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Treasury Wants Payments to Deceased Taxpayers Returned

Treasury Wants Payments to Deceased Taxpayers Returned

The US Treasury Department has found a loophole in the stimulus payments sent out to individuals. Some of the recipients were actually deceased—and Treasury wants that money back.

Accounting Today magazine reports the government became aware in April when some people noticed that family members who had recently died still got the $1,200 Economic Impact Payments.

The federal government updates taxpayer rolls regularly, incorporating new data with death certificate information, but the magazine said the IRS was relying on data to process the payments that had been gathered as long ago as 2018.

The stimulus payments—$1,200 for each adult earning up to $75,000 and an additional $500 for each child under age 17—began showing up in bank accounts in April. Tens of millions of checks remain to be distributed.

When the program was announced, the IRS said those who received more money than they were due because of changes in income would not have to return the difference. It’s not known if those who fail to return dead relatives’ payments to the government would face legal action.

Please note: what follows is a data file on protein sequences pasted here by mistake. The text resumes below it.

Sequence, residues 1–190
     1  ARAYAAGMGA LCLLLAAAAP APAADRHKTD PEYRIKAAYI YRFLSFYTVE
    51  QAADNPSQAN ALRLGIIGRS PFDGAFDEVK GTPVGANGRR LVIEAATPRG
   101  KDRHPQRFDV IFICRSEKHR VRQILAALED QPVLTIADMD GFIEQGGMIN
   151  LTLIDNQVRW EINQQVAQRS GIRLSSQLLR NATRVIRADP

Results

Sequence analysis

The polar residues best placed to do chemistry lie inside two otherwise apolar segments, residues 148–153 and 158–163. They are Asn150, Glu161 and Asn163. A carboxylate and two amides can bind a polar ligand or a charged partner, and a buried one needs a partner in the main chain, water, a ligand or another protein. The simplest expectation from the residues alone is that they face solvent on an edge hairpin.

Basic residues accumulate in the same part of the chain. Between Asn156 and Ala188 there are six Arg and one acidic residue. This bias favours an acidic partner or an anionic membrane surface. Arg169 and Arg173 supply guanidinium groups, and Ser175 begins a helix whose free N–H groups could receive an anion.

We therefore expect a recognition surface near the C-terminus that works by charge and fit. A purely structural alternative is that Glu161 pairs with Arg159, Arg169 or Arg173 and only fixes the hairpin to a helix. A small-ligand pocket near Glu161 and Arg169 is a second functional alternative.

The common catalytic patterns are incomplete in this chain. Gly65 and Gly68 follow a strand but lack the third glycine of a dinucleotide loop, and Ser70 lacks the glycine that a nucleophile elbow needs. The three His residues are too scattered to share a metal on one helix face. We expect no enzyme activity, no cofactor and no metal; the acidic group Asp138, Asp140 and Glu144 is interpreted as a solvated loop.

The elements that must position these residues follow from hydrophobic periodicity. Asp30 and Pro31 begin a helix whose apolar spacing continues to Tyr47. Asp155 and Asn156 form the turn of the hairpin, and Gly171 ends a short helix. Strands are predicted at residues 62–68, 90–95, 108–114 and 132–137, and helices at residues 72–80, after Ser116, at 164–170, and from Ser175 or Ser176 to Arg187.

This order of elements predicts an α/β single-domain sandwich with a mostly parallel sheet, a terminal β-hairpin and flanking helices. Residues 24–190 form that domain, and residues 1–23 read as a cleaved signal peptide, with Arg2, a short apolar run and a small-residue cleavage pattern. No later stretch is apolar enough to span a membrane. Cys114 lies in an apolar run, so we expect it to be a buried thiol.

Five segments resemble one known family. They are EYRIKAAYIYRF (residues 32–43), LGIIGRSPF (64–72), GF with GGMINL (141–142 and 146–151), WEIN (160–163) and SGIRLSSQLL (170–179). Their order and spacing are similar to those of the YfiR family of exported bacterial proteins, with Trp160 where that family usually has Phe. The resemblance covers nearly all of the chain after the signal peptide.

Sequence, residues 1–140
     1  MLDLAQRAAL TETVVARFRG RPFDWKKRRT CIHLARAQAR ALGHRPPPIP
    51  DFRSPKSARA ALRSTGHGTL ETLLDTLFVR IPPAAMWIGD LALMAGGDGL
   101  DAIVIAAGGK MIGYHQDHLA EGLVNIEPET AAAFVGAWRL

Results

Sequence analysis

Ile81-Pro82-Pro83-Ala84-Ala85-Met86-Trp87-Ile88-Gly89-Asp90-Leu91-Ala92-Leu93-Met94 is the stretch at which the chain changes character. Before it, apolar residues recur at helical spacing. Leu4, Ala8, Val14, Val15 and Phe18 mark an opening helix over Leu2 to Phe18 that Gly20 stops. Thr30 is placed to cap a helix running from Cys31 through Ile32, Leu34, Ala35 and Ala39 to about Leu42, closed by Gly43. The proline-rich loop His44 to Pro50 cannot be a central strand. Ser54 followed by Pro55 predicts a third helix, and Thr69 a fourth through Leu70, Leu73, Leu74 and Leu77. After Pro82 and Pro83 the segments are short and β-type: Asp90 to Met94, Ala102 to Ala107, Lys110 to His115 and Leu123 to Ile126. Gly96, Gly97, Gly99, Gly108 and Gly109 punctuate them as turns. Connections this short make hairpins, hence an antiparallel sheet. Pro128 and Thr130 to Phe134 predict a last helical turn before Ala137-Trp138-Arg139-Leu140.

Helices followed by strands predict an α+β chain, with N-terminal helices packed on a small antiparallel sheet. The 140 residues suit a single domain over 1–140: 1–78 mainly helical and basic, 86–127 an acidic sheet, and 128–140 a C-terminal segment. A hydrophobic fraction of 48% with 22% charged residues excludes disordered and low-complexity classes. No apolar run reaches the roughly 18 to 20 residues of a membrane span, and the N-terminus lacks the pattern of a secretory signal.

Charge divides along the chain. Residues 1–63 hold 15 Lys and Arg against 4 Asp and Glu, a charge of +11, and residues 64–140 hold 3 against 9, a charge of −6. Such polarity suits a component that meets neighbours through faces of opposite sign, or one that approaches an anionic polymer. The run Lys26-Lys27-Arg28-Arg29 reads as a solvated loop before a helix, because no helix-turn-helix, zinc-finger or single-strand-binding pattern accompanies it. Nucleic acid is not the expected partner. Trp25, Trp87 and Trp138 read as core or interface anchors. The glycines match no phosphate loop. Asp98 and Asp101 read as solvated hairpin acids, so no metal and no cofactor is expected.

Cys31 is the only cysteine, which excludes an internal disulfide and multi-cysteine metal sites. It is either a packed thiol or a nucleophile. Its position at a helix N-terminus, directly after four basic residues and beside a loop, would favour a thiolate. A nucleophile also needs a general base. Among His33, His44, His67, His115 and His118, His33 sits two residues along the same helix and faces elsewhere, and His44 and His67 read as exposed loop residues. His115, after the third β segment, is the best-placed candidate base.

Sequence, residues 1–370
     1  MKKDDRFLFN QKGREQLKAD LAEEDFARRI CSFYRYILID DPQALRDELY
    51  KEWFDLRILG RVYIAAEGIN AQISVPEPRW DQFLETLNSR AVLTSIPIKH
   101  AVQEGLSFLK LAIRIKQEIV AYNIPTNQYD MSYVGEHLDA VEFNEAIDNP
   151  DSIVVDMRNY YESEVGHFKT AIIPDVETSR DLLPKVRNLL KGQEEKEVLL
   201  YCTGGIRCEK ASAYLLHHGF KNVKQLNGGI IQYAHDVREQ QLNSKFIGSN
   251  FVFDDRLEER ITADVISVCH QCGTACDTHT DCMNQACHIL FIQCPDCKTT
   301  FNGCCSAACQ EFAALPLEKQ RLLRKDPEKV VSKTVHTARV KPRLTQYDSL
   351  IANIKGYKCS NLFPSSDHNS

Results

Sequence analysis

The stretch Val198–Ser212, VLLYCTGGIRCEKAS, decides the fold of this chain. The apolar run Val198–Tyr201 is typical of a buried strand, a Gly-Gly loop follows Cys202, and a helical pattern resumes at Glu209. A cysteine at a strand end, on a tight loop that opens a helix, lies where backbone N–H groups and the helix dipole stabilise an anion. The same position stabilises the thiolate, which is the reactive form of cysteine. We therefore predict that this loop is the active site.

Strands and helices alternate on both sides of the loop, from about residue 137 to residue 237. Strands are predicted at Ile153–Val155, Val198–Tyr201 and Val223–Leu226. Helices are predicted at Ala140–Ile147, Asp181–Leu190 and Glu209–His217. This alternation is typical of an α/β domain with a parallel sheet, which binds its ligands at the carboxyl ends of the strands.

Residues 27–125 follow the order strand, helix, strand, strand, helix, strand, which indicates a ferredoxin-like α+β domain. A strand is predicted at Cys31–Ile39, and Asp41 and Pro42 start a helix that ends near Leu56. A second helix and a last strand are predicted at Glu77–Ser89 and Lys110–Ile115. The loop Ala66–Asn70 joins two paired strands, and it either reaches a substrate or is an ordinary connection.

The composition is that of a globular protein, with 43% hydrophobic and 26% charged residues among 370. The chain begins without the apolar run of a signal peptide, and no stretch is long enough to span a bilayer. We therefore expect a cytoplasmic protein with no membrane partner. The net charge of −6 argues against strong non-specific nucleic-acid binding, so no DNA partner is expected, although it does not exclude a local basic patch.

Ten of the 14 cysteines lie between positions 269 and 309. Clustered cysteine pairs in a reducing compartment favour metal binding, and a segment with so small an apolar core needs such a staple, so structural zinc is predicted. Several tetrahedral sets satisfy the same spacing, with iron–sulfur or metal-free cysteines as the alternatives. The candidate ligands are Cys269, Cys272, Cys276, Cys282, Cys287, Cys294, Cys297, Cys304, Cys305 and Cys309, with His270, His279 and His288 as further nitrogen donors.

Accounting Today says the IRS and Treasury are planning to issue their guidance on the mistaken payments in a few days.

Bob Williams

Forget genes; I’ve got words in my DNA. Communication has been part of who I am nearly all my life. From a long career in radio news to another one in newspapers – and a University of Georgia journalism degree sandwiched between the two – language has been my life. I’ve also been fortunate to have learned the tax business from the ground up here at Drake, starting with 1040.com online forms some years ago before moving on to work on the Web. In all things tax-ish, we aim to give you tools you can use.

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